• Over 40 billion page views in May 2007
  • Average visitor stays 20 minutes
  • Most growth is among people over age 25.
  • 47,000 Facebook groups.
  • #1 photo sharing app on the web. 2.7 billion photos on site.
  • More than 2000 applications. The Top 10 are: Top Friends, Video, Graffiti, MyQuestions, iLike, FreeGifts, X Me, Superpoke!, Fortune Cookie & Horoscopes. The smallest of these has over 4.5 million users.
Wow...! The German Facebook network apparently grows by up to 1000 new members each day (right now it already has 77,954 members). Not bad, too. I have the feeling that Facebook, although there is no localized version yet, is picking up steam even here in "ever-skeptical" Germany. Of course, it's just empirical evidence, but I keep getting more and more Facebook confirmation requests from German friends and contacts - even from people, who ignore business networking sites like XING or LinkedIn. At the same time German Facebook copycat StudiVZ (which is stuck in the students niche for now) quickly became the site with the most traffic in Germany - despite the fact that most German students only have at best a very "casual" interest in Web 2.0. So why do these people now join communities like Facebook and not XING & Co.? Well, being the hardcore networker that I am, it's hard for me to grok, but maybe it's because the majority of people with "normal" 9-5 jobs (aka the mainstream) just don't care about business networking. But they do care a lot about private networking with friends & family - and that's clearly Facebook territory... Related: f8club - a German blog about Facebook (via Nico)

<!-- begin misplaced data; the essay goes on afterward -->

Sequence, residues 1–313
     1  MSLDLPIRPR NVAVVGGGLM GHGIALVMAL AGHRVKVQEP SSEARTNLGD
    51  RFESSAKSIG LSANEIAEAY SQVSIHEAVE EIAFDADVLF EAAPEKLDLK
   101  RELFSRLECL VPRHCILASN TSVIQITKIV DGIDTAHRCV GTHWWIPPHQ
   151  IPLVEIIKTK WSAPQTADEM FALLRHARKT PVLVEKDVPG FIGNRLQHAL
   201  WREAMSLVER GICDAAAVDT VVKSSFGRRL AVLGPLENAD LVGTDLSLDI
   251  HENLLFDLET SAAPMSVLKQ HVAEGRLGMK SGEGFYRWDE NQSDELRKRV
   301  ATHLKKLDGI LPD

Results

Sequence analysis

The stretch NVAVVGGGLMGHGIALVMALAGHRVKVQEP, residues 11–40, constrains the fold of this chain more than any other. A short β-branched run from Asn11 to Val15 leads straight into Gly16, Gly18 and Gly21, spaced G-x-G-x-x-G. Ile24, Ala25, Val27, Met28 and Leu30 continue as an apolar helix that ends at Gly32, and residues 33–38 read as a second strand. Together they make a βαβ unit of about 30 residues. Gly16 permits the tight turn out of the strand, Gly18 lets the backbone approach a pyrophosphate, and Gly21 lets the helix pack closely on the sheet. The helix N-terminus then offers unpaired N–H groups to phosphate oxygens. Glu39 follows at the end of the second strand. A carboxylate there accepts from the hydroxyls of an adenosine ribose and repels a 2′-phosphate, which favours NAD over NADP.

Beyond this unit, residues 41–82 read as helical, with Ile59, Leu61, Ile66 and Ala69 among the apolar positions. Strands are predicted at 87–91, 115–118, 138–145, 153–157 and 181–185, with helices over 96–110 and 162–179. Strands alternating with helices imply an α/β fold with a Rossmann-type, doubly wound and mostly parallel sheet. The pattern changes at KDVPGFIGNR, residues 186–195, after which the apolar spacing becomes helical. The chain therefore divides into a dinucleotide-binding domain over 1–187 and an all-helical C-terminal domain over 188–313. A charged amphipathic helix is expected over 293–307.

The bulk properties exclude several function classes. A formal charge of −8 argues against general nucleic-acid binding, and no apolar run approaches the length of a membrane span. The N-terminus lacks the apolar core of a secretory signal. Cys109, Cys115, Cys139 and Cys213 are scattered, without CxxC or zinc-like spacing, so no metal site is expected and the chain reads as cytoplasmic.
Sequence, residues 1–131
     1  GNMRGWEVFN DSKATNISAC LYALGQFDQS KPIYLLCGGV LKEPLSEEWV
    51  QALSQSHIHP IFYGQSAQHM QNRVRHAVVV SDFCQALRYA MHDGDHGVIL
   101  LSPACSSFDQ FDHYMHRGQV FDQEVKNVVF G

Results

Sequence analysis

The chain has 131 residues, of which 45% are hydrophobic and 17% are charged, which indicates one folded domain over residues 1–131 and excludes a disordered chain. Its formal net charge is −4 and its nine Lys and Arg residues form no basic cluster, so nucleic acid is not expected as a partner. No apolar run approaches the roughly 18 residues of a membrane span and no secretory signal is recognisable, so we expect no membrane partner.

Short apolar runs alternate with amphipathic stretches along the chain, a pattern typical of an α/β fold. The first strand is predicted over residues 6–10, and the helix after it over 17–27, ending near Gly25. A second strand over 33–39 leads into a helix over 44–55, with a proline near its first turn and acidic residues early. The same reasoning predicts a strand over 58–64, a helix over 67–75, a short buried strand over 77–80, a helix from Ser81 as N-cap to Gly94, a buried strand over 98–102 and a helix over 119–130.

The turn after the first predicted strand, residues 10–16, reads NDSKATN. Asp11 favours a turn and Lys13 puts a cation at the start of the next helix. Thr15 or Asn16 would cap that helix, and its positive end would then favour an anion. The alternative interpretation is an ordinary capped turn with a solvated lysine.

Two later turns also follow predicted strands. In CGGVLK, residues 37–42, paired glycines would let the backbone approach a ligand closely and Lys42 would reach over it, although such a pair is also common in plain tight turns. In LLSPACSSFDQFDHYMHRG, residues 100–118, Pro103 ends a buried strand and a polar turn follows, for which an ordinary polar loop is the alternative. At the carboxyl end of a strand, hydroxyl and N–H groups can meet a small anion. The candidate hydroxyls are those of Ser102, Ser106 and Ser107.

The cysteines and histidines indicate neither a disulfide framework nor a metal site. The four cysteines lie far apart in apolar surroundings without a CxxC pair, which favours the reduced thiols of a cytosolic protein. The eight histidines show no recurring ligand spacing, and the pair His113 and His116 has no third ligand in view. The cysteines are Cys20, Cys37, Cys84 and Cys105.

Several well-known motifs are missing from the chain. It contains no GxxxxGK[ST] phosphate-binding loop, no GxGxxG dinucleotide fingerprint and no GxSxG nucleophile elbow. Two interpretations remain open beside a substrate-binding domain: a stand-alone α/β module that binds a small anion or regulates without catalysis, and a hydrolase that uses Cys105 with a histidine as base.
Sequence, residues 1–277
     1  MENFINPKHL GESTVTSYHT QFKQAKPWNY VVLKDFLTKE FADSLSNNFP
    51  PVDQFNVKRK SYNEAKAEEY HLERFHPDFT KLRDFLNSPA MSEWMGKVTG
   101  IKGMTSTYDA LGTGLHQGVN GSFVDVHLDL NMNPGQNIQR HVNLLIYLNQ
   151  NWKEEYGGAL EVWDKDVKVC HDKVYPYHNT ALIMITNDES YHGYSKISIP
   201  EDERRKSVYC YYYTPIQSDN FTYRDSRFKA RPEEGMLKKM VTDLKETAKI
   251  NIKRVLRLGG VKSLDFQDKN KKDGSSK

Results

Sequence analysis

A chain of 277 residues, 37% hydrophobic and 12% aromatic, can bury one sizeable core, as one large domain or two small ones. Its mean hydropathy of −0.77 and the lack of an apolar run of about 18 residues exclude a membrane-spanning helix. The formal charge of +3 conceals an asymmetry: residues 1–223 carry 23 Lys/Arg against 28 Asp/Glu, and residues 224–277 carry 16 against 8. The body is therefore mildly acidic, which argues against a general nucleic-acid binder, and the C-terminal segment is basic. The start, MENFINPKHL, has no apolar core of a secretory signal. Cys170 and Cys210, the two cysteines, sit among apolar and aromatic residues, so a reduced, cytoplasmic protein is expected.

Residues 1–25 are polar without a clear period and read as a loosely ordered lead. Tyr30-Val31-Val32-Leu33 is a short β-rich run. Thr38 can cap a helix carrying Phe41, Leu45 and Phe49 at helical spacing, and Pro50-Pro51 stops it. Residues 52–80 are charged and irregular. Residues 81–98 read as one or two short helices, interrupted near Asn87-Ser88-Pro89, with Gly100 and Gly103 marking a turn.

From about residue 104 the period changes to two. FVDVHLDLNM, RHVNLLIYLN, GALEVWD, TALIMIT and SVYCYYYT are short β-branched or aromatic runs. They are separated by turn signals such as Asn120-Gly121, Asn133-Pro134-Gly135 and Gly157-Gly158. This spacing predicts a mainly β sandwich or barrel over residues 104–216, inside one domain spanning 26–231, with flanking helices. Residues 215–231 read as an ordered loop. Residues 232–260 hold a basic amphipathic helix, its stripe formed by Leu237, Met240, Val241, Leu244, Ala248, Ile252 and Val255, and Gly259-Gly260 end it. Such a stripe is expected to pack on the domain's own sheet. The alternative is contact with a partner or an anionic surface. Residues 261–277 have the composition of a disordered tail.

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Nabaztag - Say Hi to Rabbit 2.0

I just stumbled across a funny little gagdet/pet-hybrid that had escaped me until now: it's something called Nabaztag - an ambient, wifi-enabled - thereby fully internet ready - artificial rabbit. It comes with his own build-in social network and is already all over Youtube, Flickr et al.... rabbit20.gif What does he(?) do? Well, turns out, the little rabbit is a real digerati: he reads your emails or rss-feeds, notifies you when friends come online, downloads stock quotes and weather forecasts and plays music. He also sings and dances messages, which your friends can send directly to him. You can even marry him to another rabbit! Violet, the company behind the Nabaztag, has just launched a new edition, which has learned quite a few additional tricks like "Limitless Talk Capabilities" and "Scent Recognition"! WOW !! Despite some technical glitches, I think, I am sold... ;-) via Henriette, who btw has some comments on an observation from the Lift07 conference last week, which put this little gadget into an interesting context: